- Asian debt, with a market cap approaching US$ 1 trillion (US$886.7bn at 31/03/18) is no longer a niche asset class
- Asian debt has remained relatively resilient despite increased volatility at the start of 2018, thanks to lower interest rate sensitivity
- Fears of a trade war between the US and China have been overblown
- NN Investment Partner’s Asian Debt Hard Currency strategy shows nine consecutive years of benchmark outperformance
The investment case for allocation towards Asian debt hard currency (HC) bonds is a compelling one,believes Joep Huntjens, Head of Asian Debt at NN Investment Partners (NN IP). However, international investors remain underinvested in the fast growing region which has a share of global GDP of more than 35%.
With the market capitalisation of the asset class approaching USD 1 trillion (USD 886.7bn at 31/03/18¹), the growing and maturing asset class of Asian debt provides increasing opportunities for investment and diversification. Following the recent increase in the yield of the asset class, Huntjens expects a total return in the next 12 months of 4.5-5.0% in USD terms.
Asian credit is also less prone to changes in international sentiment with most new issuance absorbed by local Asian investors who are more home-biased and loyal to the asset class. Although markets were volatile in the first quarter of 2018, owing to concerns about US inflation and a trade war between the US and China, Asian credit was fairly resilient. The market fell by less (-1.37%) than the emerging market hard currency sovereign bond market (-1.78%) and US investment-grade bonds (-2.32%) in the first three months of the year².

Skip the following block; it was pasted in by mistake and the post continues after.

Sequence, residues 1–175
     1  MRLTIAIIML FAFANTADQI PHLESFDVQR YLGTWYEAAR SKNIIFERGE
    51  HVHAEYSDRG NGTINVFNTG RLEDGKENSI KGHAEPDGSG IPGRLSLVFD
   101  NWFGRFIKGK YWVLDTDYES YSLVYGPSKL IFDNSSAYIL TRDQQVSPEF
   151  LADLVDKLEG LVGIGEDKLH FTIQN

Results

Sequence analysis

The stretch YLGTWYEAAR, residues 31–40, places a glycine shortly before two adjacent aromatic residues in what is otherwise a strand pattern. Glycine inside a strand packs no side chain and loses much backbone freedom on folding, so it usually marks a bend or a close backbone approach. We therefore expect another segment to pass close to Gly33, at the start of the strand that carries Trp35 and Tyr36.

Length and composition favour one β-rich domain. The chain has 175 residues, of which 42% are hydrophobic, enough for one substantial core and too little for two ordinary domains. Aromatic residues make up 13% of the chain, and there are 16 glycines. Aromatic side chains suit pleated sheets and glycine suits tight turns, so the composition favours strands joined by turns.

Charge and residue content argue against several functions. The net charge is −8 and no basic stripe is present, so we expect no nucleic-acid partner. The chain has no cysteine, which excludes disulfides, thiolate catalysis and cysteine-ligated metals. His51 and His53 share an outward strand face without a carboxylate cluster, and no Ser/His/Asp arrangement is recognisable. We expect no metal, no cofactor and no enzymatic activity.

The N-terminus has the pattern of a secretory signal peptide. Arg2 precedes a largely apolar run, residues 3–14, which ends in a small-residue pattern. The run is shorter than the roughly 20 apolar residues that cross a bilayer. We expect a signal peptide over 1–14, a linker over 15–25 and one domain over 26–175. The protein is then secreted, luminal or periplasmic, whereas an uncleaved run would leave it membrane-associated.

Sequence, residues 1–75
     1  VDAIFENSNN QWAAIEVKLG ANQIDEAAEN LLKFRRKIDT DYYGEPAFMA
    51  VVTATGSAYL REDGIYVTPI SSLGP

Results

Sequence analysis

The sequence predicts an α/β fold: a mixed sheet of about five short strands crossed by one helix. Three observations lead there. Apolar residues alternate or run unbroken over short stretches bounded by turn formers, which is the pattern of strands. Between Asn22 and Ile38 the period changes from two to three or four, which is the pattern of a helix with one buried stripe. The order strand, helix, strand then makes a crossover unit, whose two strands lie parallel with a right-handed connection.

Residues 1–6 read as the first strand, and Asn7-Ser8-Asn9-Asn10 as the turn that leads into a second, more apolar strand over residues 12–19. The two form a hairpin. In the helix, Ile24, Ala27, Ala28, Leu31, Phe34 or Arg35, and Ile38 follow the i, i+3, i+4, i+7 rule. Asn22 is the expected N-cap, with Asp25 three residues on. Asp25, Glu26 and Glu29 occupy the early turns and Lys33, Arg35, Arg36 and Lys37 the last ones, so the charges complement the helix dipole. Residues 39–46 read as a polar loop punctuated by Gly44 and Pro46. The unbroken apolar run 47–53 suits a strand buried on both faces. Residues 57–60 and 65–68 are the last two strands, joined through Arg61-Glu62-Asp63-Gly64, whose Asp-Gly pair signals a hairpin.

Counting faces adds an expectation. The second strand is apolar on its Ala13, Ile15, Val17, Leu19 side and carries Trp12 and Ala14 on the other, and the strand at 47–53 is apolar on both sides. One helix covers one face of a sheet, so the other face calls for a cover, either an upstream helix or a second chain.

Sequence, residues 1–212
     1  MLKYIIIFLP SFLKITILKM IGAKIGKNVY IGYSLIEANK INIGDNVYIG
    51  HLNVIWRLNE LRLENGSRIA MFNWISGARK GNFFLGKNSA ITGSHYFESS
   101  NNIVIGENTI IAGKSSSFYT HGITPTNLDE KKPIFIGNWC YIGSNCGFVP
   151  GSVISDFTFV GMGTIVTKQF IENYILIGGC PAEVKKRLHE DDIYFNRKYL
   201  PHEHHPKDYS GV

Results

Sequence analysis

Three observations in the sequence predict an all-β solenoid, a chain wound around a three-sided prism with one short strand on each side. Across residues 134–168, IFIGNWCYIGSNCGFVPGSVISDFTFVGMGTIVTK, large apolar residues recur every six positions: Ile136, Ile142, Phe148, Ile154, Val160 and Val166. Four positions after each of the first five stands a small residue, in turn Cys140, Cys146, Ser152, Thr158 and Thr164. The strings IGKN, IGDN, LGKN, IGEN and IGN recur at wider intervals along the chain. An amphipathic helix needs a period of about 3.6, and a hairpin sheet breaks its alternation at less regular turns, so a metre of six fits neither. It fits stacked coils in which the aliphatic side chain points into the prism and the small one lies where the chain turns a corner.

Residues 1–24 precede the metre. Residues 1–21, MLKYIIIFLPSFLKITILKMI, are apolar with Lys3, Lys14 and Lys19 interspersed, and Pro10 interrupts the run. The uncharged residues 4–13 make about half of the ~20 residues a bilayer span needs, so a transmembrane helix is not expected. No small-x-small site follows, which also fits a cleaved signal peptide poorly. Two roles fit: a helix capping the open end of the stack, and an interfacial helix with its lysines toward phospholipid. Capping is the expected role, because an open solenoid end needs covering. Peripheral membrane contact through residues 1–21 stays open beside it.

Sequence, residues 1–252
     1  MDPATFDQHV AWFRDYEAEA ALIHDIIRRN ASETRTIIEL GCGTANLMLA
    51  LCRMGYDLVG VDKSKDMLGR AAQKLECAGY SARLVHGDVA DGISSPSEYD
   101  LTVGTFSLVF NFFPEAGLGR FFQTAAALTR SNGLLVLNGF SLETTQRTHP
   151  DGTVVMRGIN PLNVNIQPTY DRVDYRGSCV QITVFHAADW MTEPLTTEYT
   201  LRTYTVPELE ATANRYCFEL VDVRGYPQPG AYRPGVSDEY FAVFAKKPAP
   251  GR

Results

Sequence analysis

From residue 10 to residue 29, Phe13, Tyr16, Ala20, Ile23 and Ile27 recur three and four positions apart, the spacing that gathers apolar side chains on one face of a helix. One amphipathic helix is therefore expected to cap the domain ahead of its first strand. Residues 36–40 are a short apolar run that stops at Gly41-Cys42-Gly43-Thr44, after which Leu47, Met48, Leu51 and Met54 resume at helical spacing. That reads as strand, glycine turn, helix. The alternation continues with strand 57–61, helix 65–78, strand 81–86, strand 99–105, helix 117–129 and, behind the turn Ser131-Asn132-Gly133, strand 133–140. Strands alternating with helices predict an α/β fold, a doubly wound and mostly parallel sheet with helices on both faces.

This was partly because Asian debt has a lower interest rate sensitivity than the other asset classes. In addition, Huntjens is less concerned about the potential of a trade war between the US and China for three reasons: “First, China’s reliance on exports has fallen sharply to 20% of GDP from 37% over the past decade³. Second, the US’ planned tariffs on USD 50 billion of imports only forms about 2.2% of China’s total exports and 1.7% of the US’ total imports, limiting the direct impact on these economies. Lastly, the larger sectors in the Asian debt universe, especially real estate and state-owned oil and gas producers, tend to be domestically-oriented and driven by domestic demand and government policies.”
Joep Huntjens : “The Asian region has become too important to ignore, with highly attractive risk-adjusted return characteristics offered by the Asian debt market. Not only are there significant diversification benefits, defaults have also been low. Given the region’s strong fundamentals, we think that international investors would do well to increase their allocation to Asian Debt Hard Currency.”
¹ JPMorgan Asia Credit Index, 31 Mar 2018
² Asian credit = JACICOTR Index; EM hard currency sovereign = JPEGCOMP Index; US IG = LUACTRUU Index
³ World Bank, March 2018